New Ipswich Center Village Historic District facts for kids
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New Ipswich Center Village Historic District
|Location||Roughly bounded by Turnpike Rd., Porter Hill Rd., Main St., NH 123A, Preston Hill, Manley and King Rds., New Ipswich, New Hampshire|
|Area||325 acres (132 ha)|
|Architectural style||Greek Revival, Georgian, Federal|
|NRHP reference No.||91001173|
|Added to NRHP||September 3, 1991|
The New Ipswich Center Village Historic District encompasses the historic center of the rural town of New Ipswich, New Hampshire. The center village is the town's most densely populated area, with a history dating to the town's founding in 1735. The district extends along Turnpike Road (New Hampshire Route 124) between King and Porter Roads, and southward in a roughly triangular shape, the southern point of which is at the junction of Main Street (New Hampshire Route 123A) and Willard Road. The village includes a large number of residences, which were mainly agricultural at first, but also include a number of properties built as summer resort houses in the late 19th and early 20th centuries. It also includes most of the town's historic civic buildings, including its historic town hall, and the Barrett House, now a museum property owned by Historic New England. The district was listed on the National Register of Historic Places in 1991.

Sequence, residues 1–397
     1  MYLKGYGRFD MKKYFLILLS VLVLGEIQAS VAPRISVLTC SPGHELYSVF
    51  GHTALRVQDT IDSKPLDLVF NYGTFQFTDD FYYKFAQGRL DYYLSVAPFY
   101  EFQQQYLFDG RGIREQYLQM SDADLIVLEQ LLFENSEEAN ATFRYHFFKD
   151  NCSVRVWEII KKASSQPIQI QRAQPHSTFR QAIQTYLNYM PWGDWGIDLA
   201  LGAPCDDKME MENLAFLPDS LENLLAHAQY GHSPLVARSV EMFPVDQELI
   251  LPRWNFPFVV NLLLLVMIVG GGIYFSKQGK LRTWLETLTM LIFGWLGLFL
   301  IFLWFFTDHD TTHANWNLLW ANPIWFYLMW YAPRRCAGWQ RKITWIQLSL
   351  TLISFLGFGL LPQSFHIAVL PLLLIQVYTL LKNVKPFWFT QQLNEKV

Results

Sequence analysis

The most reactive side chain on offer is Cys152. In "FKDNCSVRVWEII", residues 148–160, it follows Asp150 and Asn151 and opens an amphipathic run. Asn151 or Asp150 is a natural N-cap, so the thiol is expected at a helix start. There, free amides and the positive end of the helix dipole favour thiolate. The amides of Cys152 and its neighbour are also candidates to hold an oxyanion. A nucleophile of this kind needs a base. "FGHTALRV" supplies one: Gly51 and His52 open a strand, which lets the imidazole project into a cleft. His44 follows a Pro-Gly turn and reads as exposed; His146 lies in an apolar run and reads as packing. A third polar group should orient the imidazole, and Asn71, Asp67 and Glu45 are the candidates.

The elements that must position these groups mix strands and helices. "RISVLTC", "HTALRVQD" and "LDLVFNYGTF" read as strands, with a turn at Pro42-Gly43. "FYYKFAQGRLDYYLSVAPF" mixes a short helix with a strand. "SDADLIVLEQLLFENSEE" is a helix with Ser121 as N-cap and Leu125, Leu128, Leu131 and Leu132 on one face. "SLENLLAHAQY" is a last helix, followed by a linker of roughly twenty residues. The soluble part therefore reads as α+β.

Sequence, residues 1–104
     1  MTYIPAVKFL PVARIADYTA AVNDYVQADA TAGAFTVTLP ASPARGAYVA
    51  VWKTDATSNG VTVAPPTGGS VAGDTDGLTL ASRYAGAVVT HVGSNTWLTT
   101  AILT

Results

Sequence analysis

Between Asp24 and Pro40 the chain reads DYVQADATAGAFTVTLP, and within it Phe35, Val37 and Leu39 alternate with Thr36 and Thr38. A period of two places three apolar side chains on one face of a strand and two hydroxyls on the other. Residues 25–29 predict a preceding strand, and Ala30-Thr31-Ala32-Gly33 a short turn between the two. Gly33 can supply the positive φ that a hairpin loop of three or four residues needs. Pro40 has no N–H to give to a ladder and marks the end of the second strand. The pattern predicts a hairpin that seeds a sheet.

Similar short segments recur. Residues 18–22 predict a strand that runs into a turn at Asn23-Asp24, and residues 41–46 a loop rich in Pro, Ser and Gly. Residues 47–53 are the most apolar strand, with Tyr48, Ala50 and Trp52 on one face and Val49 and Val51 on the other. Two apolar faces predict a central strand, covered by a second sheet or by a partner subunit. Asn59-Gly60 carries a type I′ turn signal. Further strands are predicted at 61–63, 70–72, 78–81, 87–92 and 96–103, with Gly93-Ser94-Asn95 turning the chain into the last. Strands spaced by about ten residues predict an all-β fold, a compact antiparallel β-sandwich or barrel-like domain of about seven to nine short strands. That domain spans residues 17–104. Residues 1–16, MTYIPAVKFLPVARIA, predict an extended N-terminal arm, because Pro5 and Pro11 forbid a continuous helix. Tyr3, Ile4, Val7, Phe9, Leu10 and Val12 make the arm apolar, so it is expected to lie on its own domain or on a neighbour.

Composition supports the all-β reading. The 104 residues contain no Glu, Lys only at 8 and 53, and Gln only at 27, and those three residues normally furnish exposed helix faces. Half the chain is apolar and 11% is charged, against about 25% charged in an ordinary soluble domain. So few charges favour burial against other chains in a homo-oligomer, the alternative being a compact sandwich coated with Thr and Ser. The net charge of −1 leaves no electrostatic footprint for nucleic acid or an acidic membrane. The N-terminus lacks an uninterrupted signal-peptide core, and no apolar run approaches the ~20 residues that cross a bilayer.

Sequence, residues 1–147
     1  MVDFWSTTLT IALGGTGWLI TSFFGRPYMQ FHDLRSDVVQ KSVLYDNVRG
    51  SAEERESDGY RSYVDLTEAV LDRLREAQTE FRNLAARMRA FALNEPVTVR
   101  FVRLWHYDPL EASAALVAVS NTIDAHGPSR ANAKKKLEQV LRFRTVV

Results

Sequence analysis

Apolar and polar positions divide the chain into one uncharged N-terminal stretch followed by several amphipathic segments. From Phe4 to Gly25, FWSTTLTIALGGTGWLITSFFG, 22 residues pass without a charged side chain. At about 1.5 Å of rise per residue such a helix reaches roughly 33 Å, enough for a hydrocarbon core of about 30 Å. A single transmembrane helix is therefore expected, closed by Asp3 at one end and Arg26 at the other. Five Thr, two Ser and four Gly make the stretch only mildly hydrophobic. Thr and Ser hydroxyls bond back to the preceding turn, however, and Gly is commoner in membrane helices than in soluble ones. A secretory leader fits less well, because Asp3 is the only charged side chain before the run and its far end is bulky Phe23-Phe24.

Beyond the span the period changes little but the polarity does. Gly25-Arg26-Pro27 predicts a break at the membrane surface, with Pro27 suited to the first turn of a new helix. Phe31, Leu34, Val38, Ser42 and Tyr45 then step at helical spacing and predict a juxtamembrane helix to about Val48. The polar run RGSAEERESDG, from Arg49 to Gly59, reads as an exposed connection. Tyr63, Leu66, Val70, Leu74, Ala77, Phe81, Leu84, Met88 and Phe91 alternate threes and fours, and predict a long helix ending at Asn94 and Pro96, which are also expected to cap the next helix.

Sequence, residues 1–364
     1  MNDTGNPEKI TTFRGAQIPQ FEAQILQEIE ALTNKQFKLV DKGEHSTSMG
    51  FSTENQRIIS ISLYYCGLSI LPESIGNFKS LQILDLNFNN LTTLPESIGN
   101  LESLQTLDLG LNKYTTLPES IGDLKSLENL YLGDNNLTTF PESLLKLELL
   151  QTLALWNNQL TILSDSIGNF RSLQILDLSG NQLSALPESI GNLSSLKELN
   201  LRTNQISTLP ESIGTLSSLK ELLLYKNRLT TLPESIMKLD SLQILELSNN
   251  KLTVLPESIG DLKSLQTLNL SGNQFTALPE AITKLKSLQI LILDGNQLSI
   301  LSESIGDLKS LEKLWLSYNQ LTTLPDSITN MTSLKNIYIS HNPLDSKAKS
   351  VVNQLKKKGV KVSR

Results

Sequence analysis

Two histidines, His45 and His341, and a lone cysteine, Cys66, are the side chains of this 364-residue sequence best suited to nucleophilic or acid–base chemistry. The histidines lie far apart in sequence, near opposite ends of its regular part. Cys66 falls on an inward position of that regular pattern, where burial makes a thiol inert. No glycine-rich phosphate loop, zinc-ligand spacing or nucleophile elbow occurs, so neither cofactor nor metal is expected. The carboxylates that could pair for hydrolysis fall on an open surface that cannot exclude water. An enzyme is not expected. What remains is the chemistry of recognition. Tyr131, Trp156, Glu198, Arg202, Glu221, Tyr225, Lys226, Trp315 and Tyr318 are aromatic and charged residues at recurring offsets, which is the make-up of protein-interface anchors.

New Ipswich was settled in the 1730s by settlers from Ipswich, Massachusetts. Their title was uncertain due to land grant claims by the heirs of New Hampshire's original grantee, John Mason, and most of the settlers fled the town during King George's War in the 1740s. New land grants were made after the war ended, and serious settlement began around 1750. The village center area was originally part of two farms, with the town center laid out near the southern end of the historic district, where the first meeting house, cemetery, and parsonage were built in the 1750s and 1760s. A secondary school academy was founded in 1789; its early building, also located near the town center, has been converted into a residence.
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